EEDs do NOT include cell phones, digital cameras, iPods, etc.

Both categories only cover electronics sold to Wisconsin households, K-12 public schools and Parental Choice Program schools are part of the E-Cycle Wisconsin program.

Recycling Targets, Credits and Shortfall Fees

Recycling Targets, Carryover Credits and Shortfall Fees

Wisconsin's electronics recycling law requires manufacturers of covered electronic devices to recycle a target amount of eligible electronic devices from Wisconsin households and K-12 schools each year. Manufacturers must work with registered E-Cycle Wisconsin collectors and recyclers to accomplish their recycling targets. If manufacturers exceed their recycling targets, they earn carryover credits. If manufacturers do not meet their targets they must pay shortfall fees.

Recycling targets overview

Each program year (July through June), manufacturers must recycle 80 percent of the weight of covered electronics they sold to Wisconsin households and covered schools during the program year two years prior. For example, in the program year beginning July 1, 2021, the targets are based on sales during the 12-month period beginning July 1, 2019.

Manufacturers may estimate the total weight of covered electronics sold based on national sales data or use actual sales data. Manufacturers must provide information on how they calculated their targets to the DNR upon request.

If a manufacturer has only recently begun selling covered electronics in Wisconsin and did not have any sales during the relevant time period, its recycling target is 0.

Manufacturers must report their targets for a given program year on their registration forms for that year (due Sept. 1).

Year 13 recycling targets

For program year 13 (July 1, 2021, to June 30, 2022): multiply the total weight of covered electronics sold to the covered groups between July 1, 2019, and June 30, 2020, by 0.8.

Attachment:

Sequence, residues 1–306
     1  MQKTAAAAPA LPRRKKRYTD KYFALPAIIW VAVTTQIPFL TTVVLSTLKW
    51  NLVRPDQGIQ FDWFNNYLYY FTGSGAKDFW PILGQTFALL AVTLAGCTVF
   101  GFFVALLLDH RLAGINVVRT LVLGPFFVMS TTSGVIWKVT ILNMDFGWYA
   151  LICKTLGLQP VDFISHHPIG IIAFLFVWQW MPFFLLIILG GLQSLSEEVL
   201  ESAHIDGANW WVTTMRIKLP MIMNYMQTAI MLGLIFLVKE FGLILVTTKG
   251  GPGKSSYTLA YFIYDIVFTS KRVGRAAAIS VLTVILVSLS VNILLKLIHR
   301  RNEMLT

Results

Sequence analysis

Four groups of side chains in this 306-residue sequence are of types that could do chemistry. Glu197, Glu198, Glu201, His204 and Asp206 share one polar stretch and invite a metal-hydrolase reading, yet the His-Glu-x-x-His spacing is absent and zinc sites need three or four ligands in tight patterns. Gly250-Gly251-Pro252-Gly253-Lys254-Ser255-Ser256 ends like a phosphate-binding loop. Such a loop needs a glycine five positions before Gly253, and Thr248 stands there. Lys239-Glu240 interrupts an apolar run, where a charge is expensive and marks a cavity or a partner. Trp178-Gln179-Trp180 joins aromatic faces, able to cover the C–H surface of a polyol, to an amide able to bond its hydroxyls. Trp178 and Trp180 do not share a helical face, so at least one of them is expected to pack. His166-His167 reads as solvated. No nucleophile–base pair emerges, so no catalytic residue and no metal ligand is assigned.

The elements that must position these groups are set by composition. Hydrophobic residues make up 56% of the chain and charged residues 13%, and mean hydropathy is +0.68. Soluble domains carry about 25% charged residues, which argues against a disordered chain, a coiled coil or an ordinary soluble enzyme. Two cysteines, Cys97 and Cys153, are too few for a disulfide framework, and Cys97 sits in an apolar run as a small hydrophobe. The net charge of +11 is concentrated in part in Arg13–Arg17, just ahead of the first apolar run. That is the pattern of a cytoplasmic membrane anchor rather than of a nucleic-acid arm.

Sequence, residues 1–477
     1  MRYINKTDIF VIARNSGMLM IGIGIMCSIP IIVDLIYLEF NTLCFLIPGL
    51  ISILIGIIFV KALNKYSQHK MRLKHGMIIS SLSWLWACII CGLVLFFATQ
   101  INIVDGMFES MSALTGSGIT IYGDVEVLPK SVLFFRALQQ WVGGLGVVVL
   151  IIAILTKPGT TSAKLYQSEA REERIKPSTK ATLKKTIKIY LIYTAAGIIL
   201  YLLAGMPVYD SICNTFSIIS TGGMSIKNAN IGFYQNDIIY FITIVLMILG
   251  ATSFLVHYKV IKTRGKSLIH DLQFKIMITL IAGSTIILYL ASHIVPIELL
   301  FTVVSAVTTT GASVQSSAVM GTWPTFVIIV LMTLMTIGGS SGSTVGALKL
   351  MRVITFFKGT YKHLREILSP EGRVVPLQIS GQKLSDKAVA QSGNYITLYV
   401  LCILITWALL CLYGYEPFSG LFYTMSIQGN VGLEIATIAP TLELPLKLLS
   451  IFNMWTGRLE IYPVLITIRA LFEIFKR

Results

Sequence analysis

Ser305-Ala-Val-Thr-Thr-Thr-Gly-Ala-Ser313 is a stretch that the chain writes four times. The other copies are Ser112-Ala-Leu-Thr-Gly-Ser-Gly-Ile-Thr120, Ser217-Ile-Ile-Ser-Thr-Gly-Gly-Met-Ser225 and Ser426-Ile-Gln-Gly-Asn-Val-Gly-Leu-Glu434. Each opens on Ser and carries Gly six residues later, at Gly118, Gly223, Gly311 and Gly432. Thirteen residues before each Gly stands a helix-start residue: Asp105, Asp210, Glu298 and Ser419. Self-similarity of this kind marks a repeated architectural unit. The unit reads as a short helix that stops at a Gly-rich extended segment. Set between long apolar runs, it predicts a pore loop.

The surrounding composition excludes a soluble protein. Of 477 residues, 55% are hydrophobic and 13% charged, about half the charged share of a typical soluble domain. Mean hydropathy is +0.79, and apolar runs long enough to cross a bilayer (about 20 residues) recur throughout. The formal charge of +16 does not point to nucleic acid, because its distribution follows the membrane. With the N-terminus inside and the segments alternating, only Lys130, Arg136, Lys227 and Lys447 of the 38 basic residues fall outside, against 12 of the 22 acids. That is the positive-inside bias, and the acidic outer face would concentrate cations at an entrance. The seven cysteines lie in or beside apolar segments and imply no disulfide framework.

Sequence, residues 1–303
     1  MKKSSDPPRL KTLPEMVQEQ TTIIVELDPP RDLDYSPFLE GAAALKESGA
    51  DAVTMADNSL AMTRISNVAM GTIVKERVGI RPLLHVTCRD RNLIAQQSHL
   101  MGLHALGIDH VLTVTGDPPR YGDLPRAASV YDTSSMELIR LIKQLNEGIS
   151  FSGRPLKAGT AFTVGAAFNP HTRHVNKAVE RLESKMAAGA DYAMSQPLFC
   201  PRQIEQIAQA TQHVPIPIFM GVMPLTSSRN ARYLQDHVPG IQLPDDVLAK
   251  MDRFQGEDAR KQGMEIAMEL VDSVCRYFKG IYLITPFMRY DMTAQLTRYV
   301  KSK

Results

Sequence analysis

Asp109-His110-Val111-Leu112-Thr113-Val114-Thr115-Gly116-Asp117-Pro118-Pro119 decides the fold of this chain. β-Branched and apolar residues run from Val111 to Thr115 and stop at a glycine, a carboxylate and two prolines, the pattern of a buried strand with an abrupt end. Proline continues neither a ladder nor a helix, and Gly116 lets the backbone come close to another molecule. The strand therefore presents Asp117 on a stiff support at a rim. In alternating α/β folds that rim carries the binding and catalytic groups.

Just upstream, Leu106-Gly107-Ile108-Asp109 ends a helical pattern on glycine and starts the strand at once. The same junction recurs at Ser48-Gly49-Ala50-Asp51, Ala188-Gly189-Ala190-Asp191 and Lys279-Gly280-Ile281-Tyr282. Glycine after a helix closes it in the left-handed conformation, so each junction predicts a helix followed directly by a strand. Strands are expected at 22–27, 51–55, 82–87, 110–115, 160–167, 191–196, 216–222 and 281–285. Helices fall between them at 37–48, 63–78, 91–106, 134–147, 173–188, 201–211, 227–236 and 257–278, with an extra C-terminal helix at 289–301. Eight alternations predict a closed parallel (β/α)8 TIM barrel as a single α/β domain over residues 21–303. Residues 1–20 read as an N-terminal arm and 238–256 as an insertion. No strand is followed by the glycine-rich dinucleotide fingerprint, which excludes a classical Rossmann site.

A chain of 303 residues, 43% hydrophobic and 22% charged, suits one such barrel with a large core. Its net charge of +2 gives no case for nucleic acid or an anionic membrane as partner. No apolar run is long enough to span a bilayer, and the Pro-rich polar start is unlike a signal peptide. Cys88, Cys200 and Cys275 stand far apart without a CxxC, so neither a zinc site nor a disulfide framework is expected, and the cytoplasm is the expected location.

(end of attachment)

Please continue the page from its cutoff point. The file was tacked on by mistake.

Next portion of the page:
Meeting recycling targets

To meet its target, a manufacturer may recycle any eligible electronics of any brand. Manufacturers are not required to accept all eligible electronics or all brands. Manufacturers may work with any registered E-Cycle Wisconsin recyclers to meet their recycling targets.

At the end of each program year, a manufacturer must compare the total weight of eligible electronics it recycled during the program year to its recycling target, and determine whether it can receive carryover credits or must pay a shortfall fee.

Rural incentive

To increase collection in underserved parts of the state, the law allows manufacturers to multiply by 1.25 the weight of eligible electronics collected from households and covered schools in rural counties.

When a manufacturer reports on the weight of eligible electronics recycled during a program year, it should note the weights from rural vs. urban counties.

Carryover credits

If a manufacturer recycles more than its target recycling weight during a given program year, it earns recycling credits equal to the number of excess pounds, up to 20 percent of its recycling target. That is, if a manufacturer's target is 1,000 pounds, it can carry over up to 200 pounds of credits.

Manufacturer may use credits to help meet their recycling target in any of the next three program years, or may sell credits to another manufacturer for use in any of the next three program years.

Manufacturers will report to the DNR on the number of credits earned, used, sold or bought during a program year.

Shortfall fees

If a manufacturer fails to reach its recycling target, it must pay a shortfall fee along with its registration fee for the next program year.

Shortfall fees are based on a graduated scale determined by how far short of its recycling target the manufacturer is for the program year.

The fees are as follows:

  • 50 cents per pound if the manufacturer's total weight of eligible electronics recycled is less than 50 percent of its target.
  • 40 cents per pound if the manufacturer's total weight of eligible electronics recycled is between 50 and 90 percent of its target.
  • 30 cents per pound if the manufacturer's total weight of eligible electronics recycled is between 90 and 100 percent of its target.


Electronics Recycling Law Resources

The following resources provide more details about Wisconsin’s electronics recycling law, requirements for managing used electronics and E-Cycle Wisconsin. You can also find additional resources on the outreach page.

E-Cycle Wisconsin outreach resources

Lists of E-Cycle Wisconsin registered participants
Technical assistance for complying with the electronics recycling law
Text of Wisconsin's electronics recycling law

Stakeholder meeting summaries

The DNR has held several E-Cycle Wisconsin stakeholder meetings since 2014.